Well, we all remember what happened last time I said I found an inconsistency in a dictionary, don't we? That's right--I ended up issuing an apologetic retraction (although I did come back and belabor the subject).
An ordinary fool would cut her losses and not make any such accusations again. But as my hubster points out, I'm not an ordinary fool--I'm an anonymous fool [update, January 28, 2010: I was still using the pseudonym "Ed Absurdum" when this was originally written; in real life, I don't have a hubster, although the missus does].
But before I start, let me point out that I love the Oxford English Dictionary. I often spend hours with it. I find it irresistible. In fact, I speak of the OED in roman letters, following the advice of the Chicago Manual of Style ver. 15 (also mentioned in roman letters): "Names of scriptures and other highly revered works are capitalized but not italicized" (Chic. Man. Sty. 8:11).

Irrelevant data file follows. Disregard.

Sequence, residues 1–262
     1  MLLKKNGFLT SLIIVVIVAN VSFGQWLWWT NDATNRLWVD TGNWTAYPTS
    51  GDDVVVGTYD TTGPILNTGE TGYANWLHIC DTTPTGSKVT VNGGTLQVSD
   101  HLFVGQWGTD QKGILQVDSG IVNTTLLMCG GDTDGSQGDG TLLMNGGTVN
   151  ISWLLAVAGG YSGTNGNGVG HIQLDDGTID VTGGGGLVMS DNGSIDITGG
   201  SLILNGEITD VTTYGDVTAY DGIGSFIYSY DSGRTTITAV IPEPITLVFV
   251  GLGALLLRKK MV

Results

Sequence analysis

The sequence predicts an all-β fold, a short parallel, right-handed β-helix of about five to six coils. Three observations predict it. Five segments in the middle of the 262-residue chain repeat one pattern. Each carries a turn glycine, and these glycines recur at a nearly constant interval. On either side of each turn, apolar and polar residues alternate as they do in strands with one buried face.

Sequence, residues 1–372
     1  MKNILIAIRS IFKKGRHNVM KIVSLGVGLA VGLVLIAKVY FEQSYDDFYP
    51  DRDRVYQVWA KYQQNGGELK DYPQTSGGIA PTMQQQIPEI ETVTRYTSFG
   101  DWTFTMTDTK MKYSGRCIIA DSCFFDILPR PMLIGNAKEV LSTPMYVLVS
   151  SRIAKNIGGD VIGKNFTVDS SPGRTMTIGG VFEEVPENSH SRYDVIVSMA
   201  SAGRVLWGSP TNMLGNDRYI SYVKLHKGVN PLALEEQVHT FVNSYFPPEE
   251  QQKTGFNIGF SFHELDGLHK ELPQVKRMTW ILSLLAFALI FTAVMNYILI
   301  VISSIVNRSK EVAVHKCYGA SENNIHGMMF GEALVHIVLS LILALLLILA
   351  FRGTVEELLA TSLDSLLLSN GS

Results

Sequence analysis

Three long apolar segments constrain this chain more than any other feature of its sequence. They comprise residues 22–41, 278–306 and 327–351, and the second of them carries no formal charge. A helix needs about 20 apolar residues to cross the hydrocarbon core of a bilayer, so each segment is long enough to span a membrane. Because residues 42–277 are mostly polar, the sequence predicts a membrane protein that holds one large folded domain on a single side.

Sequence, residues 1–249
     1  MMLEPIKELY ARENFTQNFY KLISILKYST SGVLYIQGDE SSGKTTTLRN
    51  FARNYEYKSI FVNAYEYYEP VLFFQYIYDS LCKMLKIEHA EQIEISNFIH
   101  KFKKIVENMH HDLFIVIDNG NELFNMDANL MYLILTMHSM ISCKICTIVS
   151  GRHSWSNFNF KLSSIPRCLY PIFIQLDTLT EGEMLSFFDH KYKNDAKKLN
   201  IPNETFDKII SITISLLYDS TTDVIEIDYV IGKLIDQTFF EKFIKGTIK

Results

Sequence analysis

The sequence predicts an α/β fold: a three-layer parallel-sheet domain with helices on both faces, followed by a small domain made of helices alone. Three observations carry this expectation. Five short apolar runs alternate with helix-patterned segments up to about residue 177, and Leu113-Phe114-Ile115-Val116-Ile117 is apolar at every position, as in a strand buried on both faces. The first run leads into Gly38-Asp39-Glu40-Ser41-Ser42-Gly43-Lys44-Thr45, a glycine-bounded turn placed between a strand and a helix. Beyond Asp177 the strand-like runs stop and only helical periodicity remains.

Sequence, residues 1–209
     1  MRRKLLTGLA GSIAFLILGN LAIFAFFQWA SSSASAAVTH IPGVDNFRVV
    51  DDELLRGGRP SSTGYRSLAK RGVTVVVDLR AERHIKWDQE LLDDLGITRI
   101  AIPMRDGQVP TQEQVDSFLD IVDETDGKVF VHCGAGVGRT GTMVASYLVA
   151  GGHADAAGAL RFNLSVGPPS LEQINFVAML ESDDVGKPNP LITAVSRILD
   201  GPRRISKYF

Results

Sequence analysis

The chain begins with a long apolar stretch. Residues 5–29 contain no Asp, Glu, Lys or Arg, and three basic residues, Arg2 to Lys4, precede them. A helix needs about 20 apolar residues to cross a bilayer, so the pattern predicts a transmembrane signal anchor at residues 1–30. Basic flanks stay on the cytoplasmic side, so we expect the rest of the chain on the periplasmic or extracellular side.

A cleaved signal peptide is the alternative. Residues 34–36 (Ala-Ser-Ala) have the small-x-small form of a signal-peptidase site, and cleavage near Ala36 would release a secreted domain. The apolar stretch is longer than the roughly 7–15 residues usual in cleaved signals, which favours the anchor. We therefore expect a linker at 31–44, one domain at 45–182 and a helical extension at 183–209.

Anyhow, I recently looked a word up in the OED, and it mentioned a "non-standard" usage. Hmm, I said to myself; I didn't think they hyphenated this. So I looked for the entry for non-standard; there was no such entry, but there was an entry for nonstandard. Curious, I searched the definitions in the dictionary for nonstandard and got zero hits. When I searched the definitions for non-standard, I got sixty-one hits. In other words, the form that's entered in the dictionary isn't the form the dictionary actually uses.